So, I’m teaching now. I got a job as an adjunct professor in the communications department at Columbus State University.
I sat in the unemployment office three years ago, feeling like somebody just hit me with a baseball bat. The counselor conducting the seminar opened with,”One of the best things you can do if you find yourself without a job is to go back to school. Learn a new trade. Take on something you think you cannot do.”
So I did.
After two semesters in undergrad and five in grad school at the University of Memphis, I am retrained and productive. And I could not have done it without help…excellent professors, unemployment benefits, and student loans. Those who curse the government for what it “gives” people can put your comments where the sun doesn’t shine.
This situation was not totally imposed upon me. I chose this journey.
I chose not to accept a job with the company that bought the newspaper group for which I worked. I chose not to take less than minimum wage to do a job that required maximum output of energy and time. I chose to make a career change the year I turned 60.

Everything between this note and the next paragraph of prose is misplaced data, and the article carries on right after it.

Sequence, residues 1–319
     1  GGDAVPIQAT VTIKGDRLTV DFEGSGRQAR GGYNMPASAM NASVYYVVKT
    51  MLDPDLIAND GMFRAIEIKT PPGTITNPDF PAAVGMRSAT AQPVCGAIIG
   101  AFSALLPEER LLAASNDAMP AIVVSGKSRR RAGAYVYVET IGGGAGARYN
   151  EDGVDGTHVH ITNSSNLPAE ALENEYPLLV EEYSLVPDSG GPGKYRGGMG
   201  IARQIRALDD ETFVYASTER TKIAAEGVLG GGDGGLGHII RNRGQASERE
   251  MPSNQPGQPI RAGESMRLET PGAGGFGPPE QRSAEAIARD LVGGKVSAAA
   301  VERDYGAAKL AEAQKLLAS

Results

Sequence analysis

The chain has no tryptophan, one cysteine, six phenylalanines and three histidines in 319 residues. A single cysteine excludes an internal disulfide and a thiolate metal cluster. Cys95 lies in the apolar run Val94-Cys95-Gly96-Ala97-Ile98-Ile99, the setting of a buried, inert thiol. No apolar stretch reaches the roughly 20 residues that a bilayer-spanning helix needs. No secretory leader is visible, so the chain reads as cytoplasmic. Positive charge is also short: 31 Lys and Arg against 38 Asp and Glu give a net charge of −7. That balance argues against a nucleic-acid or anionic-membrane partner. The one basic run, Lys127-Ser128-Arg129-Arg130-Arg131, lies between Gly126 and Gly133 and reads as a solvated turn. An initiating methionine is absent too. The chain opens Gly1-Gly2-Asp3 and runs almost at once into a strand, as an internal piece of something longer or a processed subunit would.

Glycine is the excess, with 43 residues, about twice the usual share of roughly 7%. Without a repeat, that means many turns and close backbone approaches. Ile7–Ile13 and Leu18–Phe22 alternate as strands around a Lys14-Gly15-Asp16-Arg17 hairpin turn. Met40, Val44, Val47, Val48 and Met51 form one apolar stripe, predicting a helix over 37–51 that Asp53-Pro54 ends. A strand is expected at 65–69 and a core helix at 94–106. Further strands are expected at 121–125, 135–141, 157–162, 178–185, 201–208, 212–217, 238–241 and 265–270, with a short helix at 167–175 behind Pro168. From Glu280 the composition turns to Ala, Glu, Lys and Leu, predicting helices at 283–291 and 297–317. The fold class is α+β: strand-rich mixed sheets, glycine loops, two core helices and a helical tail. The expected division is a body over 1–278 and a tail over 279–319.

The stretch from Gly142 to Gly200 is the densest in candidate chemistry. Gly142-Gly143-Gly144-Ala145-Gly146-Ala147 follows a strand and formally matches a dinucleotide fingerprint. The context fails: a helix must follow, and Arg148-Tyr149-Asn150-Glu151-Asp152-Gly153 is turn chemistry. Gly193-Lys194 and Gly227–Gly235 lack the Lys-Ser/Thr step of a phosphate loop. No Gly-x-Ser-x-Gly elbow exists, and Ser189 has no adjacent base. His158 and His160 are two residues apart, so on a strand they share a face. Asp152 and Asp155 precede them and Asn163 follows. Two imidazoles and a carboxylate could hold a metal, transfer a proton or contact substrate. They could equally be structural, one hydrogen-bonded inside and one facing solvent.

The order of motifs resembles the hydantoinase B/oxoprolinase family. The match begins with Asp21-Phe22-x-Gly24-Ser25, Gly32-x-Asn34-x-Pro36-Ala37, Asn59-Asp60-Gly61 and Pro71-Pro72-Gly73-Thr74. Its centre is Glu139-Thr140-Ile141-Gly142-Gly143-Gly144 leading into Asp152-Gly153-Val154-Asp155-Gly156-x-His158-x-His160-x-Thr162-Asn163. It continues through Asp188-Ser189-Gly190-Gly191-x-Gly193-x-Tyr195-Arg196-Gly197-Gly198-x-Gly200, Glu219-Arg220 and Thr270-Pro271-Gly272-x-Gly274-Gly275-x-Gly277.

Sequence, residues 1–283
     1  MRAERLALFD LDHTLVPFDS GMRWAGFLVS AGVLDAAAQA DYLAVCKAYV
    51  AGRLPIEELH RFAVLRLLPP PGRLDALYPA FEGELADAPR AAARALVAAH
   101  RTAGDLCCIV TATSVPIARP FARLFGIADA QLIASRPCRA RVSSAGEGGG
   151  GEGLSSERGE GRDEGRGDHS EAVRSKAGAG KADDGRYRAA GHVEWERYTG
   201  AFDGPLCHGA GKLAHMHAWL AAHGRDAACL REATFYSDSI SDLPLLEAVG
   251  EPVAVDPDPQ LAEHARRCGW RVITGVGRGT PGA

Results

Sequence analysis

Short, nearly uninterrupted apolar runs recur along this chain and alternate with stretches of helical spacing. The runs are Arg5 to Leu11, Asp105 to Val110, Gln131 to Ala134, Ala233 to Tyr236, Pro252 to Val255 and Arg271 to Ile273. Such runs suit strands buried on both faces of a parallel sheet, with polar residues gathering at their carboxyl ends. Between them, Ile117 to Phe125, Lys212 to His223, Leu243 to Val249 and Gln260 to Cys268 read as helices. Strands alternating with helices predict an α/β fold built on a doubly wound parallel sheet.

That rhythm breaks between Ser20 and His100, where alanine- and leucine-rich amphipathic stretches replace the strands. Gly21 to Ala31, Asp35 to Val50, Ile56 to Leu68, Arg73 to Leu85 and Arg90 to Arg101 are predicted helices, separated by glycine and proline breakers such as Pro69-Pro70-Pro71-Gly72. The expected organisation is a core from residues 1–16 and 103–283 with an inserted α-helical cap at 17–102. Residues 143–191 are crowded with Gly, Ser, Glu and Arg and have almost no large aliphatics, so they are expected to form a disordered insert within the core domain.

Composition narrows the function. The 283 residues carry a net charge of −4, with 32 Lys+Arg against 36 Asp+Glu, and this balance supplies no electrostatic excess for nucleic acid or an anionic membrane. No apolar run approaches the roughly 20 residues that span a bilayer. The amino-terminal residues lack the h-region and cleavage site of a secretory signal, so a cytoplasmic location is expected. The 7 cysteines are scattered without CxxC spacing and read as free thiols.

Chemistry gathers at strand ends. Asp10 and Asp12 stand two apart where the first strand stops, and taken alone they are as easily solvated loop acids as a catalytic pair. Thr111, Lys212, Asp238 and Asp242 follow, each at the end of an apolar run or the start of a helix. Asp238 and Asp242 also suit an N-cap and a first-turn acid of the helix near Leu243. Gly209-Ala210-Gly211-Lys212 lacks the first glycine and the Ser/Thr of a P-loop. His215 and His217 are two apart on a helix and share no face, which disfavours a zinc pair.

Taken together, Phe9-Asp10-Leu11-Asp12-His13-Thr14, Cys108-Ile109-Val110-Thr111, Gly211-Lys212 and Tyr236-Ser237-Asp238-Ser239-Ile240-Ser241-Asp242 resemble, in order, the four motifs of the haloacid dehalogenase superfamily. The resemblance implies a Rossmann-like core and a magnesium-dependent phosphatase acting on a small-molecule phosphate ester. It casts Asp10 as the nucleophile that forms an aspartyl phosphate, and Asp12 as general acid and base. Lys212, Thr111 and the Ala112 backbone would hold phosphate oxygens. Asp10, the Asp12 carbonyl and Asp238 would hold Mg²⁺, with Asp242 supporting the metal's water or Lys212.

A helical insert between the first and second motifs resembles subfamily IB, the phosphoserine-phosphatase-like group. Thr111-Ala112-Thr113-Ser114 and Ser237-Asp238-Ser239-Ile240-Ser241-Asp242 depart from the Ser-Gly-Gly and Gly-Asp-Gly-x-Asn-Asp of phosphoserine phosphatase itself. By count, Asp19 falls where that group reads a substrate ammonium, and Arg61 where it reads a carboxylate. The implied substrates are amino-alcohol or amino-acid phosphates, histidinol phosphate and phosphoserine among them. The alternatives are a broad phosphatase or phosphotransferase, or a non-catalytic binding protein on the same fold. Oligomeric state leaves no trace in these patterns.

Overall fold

Am I writing this in order to receive accolades? Absolutely not. I am writing this because I am convinced that retraining and educating are how we put folks back to work and make employed workers more productive and more efficient. Companies and businesses that wish to grow and sustain that growth must pay their employees what they are worth and invest in educating them.
Why? Because the world has changed. The digital revolution has impacted how we communicate, how we market goods and services, how we educate, how we entertain, and how we govern. Displaced workers who lost their jobs as a result of the 2007 economic collapse must retrain. The workplace is different. And the gainfully employed must take advantage of every educational opportunity their employers offer. There is someone with more qualifications just waiting to take your place.
Nothing will lift up our communities, our states, our country, and our world like education will. Guns won’t do it, armies won’t do it, wealth won’t do it, exclusivity won’t do it, anger won’t do it, and religion won’t do it.
Getting smarter will do it.